Waiting for the Barbarians




Mark Rylance shines in J.M. Coetzee’s adaptation of his own award-winning novel about colonial aggression. 

Waiting for the Barbarians 

A good man in Africa: Mark Rylance (left)


There are no Barbarians. There are a nomadic people with their traditions, their gifts and their secrets who inhabit a desert nation, as they have done for millennia. Then an imperial force moves into the area, setting up an outpost for an unnamed governing ‘Empire.’ The official in charge of this particular settlement – known as The Magistrate – is a man of letters, a historian, an archaeologist and an antiquarian. He studies the writings of the indigenous people, the better to understand their customs and their past. He is an enigmatic figure but is a modest and reasonable man intent on “keeping the world on its course.” Then the outpost is visited by a certain Colonel Joll, an outwardly civil, meticulously tailored officer who has been charged with “cleaning up the local administrations.” Requesting a private interview with a reputed sheep rustler and his ailing nephew – whom the Magistrate suspects is innocent – Joll has the old man blinded and tortured to death. If anybody is a Barbarian, it is the Colonel and his predetermined agenda…


Waiting for the Barbarians is the first English-language film from the Colombian director Ciro Guerra. Guerra, whose credits include the critically acclaimed Embrace of the Serpent and Birds of Passage, has a knack for conjuring up otherworldly states. Here, he retains his mystical, leisurely grip on his narrative and comes armed with two major assets: the Oscar-winning English cinematographer Chris Menges (now 79) and the actor Mark Rylance. From the opening shot of a horse-drawn carriage dwarfed by the spectre of snow-blanketed mountains, the film asserts its visual pedigree. A citadel appears on the horizon and within we see the indigenous townsfolk going about their business of conveying water, threshing wheat and baking msemen. The camera then alights on Mark Rylance at his desk who, via a shaft of sunlight, is deciphering the symbol on an ancient coin. Few actors can do stillness as well as Rylance and he immediately brings this noble, cultivated man to life. His Magistrate is not a million miles from the self-possessed Soviet intelligence officer Rudolf Abel he played in Bridge of Spies, or indeed his Thomas Cromwell in the BBC’s Wolf Hall. Rylance is rarely bestowed with a leading role in a major film and it’s a joy to spend time with this hypnotic actor.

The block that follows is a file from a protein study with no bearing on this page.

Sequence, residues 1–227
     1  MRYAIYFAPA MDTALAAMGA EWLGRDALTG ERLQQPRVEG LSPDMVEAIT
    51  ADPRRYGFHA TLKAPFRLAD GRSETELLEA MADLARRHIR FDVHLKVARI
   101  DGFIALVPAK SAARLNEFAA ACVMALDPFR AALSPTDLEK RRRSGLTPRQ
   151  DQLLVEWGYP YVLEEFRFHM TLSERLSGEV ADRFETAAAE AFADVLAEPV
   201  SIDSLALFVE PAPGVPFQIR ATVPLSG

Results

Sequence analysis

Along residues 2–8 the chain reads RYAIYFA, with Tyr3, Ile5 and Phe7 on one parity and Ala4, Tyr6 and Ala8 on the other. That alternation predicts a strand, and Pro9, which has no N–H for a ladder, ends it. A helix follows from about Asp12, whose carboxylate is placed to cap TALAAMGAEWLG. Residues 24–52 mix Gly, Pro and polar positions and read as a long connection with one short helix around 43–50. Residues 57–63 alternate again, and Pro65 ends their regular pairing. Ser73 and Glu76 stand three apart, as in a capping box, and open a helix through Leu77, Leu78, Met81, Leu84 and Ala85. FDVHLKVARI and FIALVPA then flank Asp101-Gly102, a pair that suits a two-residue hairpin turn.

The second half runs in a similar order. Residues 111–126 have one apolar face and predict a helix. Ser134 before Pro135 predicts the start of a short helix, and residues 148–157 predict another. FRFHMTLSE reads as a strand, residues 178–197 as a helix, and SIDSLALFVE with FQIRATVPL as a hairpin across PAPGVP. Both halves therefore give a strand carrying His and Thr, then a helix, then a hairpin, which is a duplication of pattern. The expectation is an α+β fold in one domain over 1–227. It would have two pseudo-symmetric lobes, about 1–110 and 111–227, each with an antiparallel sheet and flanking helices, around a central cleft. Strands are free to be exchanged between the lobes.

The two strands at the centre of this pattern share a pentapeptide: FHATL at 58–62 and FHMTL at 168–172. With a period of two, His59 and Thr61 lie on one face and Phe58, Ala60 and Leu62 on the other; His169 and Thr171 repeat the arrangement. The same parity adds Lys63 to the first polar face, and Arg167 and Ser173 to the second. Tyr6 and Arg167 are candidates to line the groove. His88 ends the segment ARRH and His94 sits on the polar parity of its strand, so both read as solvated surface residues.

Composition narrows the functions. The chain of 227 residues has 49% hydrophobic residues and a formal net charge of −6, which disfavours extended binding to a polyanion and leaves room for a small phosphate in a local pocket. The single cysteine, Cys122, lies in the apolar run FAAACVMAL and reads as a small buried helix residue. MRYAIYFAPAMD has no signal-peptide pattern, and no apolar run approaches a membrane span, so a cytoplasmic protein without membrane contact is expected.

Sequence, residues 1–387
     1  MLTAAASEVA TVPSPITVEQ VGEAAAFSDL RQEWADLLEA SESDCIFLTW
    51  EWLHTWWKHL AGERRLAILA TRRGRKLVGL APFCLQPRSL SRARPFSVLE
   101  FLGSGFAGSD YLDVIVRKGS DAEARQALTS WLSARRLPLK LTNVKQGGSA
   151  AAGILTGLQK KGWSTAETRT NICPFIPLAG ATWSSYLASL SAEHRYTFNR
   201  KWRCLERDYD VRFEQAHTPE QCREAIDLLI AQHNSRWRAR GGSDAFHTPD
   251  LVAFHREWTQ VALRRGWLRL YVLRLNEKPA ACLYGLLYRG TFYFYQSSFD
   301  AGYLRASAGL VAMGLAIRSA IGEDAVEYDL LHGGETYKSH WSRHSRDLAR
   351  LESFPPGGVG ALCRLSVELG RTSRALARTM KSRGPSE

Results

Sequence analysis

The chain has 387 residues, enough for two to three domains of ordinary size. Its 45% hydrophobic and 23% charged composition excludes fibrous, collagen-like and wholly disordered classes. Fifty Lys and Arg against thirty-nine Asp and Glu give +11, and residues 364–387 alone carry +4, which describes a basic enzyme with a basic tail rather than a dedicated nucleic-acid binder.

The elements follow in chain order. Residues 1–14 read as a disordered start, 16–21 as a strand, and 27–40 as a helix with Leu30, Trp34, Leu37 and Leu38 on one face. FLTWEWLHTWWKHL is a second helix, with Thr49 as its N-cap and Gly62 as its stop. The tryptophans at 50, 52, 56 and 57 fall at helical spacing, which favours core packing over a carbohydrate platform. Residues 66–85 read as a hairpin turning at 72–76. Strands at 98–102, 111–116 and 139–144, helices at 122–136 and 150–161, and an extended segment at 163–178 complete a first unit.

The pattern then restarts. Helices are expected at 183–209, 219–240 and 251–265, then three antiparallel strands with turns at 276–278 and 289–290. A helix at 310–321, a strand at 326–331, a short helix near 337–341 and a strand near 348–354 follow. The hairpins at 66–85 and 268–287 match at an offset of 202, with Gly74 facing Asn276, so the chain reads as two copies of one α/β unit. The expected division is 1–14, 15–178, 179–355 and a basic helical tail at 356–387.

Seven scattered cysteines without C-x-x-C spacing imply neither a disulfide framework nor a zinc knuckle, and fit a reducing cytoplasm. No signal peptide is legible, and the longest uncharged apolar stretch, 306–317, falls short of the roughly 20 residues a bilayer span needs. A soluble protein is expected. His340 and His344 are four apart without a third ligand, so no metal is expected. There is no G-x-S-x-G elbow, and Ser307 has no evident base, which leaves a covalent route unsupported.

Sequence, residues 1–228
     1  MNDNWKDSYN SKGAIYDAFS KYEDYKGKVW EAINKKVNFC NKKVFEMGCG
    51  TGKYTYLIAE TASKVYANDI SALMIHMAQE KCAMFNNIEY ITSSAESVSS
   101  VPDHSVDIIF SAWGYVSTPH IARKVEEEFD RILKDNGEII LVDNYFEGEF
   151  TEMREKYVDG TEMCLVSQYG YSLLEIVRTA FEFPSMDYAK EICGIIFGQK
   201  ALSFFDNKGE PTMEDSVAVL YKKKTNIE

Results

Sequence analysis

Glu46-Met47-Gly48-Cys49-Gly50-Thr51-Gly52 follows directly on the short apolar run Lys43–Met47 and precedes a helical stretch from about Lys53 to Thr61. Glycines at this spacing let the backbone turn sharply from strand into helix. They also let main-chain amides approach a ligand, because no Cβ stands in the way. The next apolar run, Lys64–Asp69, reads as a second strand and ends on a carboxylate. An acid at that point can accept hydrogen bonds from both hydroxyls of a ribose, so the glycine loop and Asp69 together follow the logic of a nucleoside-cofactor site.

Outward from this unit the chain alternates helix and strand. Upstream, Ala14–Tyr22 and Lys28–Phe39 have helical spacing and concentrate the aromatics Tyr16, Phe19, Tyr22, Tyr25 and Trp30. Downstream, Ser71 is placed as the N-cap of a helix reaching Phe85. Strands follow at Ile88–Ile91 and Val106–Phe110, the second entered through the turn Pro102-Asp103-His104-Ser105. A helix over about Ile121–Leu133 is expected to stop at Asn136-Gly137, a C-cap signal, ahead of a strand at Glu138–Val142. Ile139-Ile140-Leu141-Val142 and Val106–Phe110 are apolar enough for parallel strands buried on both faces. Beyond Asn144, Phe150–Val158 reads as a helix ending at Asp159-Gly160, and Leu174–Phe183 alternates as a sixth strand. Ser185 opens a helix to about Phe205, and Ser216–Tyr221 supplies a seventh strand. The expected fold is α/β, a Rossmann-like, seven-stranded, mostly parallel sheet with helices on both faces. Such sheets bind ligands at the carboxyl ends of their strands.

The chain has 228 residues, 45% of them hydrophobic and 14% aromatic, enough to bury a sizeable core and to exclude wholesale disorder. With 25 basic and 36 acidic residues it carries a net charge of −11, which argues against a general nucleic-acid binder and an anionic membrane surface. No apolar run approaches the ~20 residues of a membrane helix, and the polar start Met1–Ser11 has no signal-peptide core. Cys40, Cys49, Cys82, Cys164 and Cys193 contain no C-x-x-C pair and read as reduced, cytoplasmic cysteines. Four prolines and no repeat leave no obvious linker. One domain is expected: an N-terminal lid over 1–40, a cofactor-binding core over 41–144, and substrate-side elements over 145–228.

Such is Ciro Guerra’s standing, it is alleged that Johnny Depp contacted him in order to bag a role in his film. No doubt Guerra saw this as a huge compliment – and a marketing coup – but Depp’s collaboration does rather alter the tenor of the piece. While Depp contributes one of his finest – and most restrained – performances in recent memory (as Colonel Joll), his mere presence brings a different kind of baggage to the table. Moreover, we also have Robert Pattinson in a secondary role, further introducing a note of stellar congestion and reducing the integrity of the whole. Waiting for the Barbarians – adapted by J.M. Coetzee from his own 1980 novel – is a chilling indictment of colonial tyranny and casts its own shocking and exquisite spell. The addition of the Mongolian actress Gana Bayarsaikhan – as a nomad both crippled and partly blinded by Joll’s troops – goes some way to redress the balance and adds an enigmatic and intriguing edge to explaining the Magistrate’s psychological naiveté. All this contributes to Guerra’s transcendent parable but one can’t help but wonder how much more effective it might have been had it been filmed in his native language.




Cast: Mark Rylance, Johnny Depp, Robert Pattinson, Gana Bayarsaikhan, Greta Scacchi, David Dencik, Sam Reid, Harry Melling, Bill Milner, Gursed Dalkhsuren, Isabella Nefar.


Dir Ciro Guerra, Pro Michael Fitzgerald, Olga Segura, Andrea Iervolino and Monika Bacardi, Screenplay J.M. Coetzee, Ph Chris Menges, Pro Des Crispian Sallis and Domenico Sica, Ed Jacopo Quadri, Music Giampiero Ambrosi, Costumes Carlo Poggioli.


Iervolino Entertainment/AMB-The Movie Partnership.

113 mins. Italy/USA. 2019. Rel: 7 September 2020. Available on iTunes. Cert. 15.